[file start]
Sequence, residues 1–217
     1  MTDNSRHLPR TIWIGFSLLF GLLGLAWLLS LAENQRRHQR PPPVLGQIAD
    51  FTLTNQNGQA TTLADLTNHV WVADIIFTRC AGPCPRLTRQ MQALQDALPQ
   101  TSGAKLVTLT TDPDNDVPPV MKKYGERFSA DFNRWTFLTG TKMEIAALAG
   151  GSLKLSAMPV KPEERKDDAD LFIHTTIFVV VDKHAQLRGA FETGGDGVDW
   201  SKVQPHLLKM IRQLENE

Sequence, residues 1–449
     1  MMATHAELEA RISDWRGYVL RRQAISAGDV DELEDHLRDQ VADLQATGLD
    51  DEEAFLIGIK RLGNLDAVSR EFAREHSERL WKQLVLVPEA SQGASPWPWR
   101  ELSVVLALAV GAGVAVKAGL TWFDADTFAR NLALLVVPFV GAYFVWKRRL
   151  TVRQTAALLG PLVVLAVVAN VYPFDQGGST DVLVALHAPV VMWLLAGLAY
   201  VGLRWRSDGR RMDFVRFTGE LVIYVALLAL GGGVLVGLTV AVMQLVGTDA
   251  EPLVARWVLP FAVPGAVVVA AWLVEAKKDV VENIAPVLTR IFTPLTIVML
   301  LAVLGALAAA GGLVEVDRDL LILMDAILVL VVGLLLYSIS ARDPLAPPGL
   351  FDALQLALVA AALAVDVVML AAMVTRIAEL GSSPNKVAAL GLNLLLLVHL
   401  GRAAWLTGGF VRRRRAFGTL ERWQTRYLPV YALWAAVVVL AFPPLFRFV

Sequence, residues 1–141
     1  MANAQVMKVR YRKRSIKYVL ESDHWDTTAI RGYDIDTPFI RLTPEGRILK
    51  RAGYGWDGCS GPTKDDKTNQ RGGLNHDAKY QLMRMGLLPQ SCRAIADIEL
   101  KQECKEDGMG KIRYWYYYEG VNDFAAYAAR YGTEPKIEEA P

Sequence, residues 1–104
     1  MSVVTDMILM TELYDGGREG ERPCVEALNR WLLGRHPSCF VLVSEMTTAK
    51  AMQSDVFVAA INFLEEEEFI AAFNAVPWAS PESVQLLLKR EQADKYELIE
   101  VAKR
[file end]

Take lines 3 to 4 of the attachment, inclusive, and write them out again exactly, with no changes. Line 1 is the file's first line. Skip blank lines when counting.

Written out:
    51  FTLTNQNGQA TTLADLTNHV WVADIIFTRC AGPCPRLTRQ MQALQDALPQ
   101  TSGAKLVTLT TDPDNDVPPV MKKYGERFSA DFNRWTFLTG TKMEIAALAG